Megh’s fully customizable, cross-platform Video Analytics Solution (VAS) is available as the VAS SDK toolkit and VAS Suite of products. VAS SDK is targeted for enterprises, system integrators (SI), OEMs, and developers, enabling full control to optimize video analytics pipelines and integrate highly customizable AI into applications.

VAS SDK is one member of Megh’s family of SDKs:

  • VAS SDK: Configure real-time video analytics pipelines across CPU, GPU, and FPGA platforms for deployment from edge to cloud.
  • DLE SDK: Train, build, and deploy custom Pytorch and TF-Lite models on FPGAs for inferencing.
  • AFU SDK: Develop custom FPGA accelerator function units (AFUs) for analytics using RTL/HLS for deployment on scale-out FPGA platforms.
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This blog post discusses how we implement, integrate, and deploy custom AI models and custom pipeline elements with VAS SDK.

VAS SDK exposes simple, well defined and documented APIs and interfaces to achieve these key features:

  • Easy integration of custom algorithms and analytics pipeline stages into the open-source VAS Pipeline Elements and Analytics Library
  • Seamless integration of custom deep learning models into the open-source VAS Inference Library via a flexible deep learning backend infrastructure
  • Quick and easy deployment with the newly integrated custom models and pipeline stages enabled by static configuration files or RESTful APIs
  • Support for standalone inference-as-a-service deployments

Megh VAS SDK speeds up time-to-market by bringing custom video analytics solutions from proof-of-concept to stable production deployments. A simple three-stage process to achieve this is illustrated below.

1. Add custom pipeline


First, the custom algorithm is implemented using Python libraries such as SciPy, Scikit-Learn, NumPy, OpenCV, etc. The user-created pipeline element is inherited from the base pipeline element class, providing telemetry and quality of service features for monitoring performance and health of the workload.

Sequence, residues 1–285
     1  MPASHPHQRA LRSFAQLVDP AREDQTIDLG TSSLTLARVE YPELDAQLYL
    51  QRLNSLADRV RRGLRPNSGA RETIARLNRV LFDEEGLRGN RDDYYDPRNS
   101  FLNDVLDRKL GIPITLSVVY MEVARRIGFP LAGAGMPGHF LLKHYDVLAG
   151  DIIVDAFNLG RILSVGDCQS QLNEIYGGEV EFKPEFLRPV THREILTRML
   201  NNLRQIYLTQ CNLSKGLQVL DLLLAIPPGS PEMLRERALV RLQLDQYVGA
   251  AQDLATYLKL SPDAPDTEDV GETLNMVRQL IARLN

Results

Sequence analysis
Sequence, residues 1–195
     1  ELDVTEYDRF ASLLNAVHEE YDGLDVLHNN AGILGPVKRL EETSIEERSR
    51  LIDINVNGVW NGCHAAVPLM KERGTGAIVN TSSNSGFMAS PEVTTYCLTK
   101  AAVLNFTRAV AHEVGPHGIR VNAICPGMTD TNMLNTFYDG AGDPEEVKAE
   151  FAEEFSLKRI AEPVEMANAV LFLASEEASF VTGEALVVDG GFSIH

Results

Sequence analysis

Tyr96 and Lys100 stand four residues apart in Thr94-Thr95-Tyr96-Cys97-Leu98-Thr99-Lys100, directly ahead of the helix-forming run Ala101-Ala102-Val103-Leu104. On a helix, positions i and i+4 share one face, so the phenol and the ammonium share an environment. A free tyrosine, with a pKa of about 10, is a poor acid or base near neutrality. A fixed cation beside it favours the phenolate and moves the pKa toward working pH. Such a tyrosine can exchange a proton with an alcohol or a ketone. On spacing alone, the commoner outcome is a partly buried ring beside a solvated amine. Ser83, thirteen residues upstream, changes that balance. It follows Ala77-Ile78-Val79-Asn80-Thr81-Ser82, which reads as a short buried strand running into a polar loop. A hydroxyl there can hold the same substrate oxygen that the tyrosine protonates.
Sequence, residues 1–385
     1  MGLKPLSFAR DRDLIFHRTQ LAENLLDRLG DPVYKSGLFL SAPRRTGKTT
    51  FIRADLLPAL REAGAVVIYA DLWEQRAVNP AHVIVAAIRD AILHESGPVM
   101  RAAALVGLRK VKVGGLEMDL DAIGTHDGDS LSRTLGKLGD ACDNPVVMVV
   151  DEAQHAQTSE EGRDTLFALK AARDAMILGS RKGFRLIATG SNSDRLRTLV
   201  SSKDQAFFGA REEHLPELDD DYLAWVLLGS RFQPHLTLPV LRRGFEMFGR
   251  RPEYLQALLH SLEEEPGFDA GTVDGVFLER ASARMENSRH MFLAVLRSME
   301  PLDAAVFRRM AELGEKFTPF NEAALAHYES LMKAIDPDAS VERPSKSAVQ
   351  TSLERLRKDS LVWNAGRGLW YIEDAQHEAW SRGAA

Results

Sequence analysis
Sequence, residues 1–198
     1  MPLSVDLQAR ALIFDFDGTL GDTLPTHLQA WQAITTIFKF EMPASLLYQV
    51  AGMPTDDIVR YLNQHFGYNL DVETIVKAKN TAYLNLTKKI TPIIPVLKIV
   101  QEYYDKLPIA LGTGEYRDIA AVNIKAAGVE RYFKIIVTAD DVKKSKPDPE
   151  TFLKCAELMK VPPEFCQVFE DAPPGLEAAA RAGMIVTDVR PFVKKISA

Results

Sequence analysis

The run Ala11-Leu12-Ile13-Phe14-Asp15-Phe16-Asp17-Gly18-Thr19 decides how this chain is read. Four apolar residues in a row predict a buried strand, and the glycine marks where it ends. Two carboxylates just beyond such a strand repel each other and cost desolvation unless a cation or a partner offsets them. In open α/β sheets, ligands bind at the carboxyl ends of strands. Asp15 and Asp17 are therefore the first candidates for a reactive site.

Next, the custom pipeline element is integrated into the Megh pipeline element library. This enables discovery and deployment of the user-created pipeline element either via static configuration files or the RESTful APIs.


Finally, the custom pipeline element is added into the end-user pipeline definition and deployed, enabling the workload.

2. Add custom deep learning model

Addition of a deep-learning model follows a similar structure as a custom analytics stage.


First, the user creates a model wrapper that inherits from a base inference class type. Image classification, object detection, pose detection, and feature extraction (embeddings) are the currently supported types, with more to come. Additionally, preprocessing and post-processing functions need to be implemented by the user, depending on requirements of the model.


Leveraging our flexible backend architecture, the user has many options for a deep-learning framework to integrate their custom model into VAS. Importantly, if the model definition is consistent across the different frameworks then the same model wrapper created in the previous step can be reused. An example of this is to use the PyTorch or ONNX backend for quick integration and accuracy testing. When the model has stabilized, it can be converted to OpenVINO, TensorRT, or Megh DLE for accelerated inference across multiple platforms, all using the same model wrapper. These model wrappers are then discovered by VAS SDK and can be deployed either via static configuration files or the RESTful API.


Finally, the custom model is added to the end-user pipeline definition and deployed, enabling the workload. Importantly, if the model is available via the different backends, the same pipeline definition can be used across CPUs, GPUs, or FPGAs.

VAS SDK can be deployed as a standalone service that only performs deep-learning inferencing (inference-as-a-service). This flexibility of slicing the pipeline at different stages facilitates disaggregated cluster deployments. Here, we illustrate an inference pipeline ingesting decoded video frames from an upstream micro-service through a ZMQ interface.

The following video illustrates a Megh VAS pipeline deployed with a custom QR code scanner stage. The QR code scanner pipeline element was quickly integrated by following the simple three-stage process of integrating user-defined custom pipeline elements into VAS SDK. The custom pipeline stage integrated seamlessly with the PPE-detection pipeline sample provided with VAS.

Megh’s VAS SDK enables enterprises, system integrators (SI), OEMs, and developers to gain full control, optimize their video analytics pipelines, and easily integrate highly customizable AI into their applications.

Learn more about VAS SDK.



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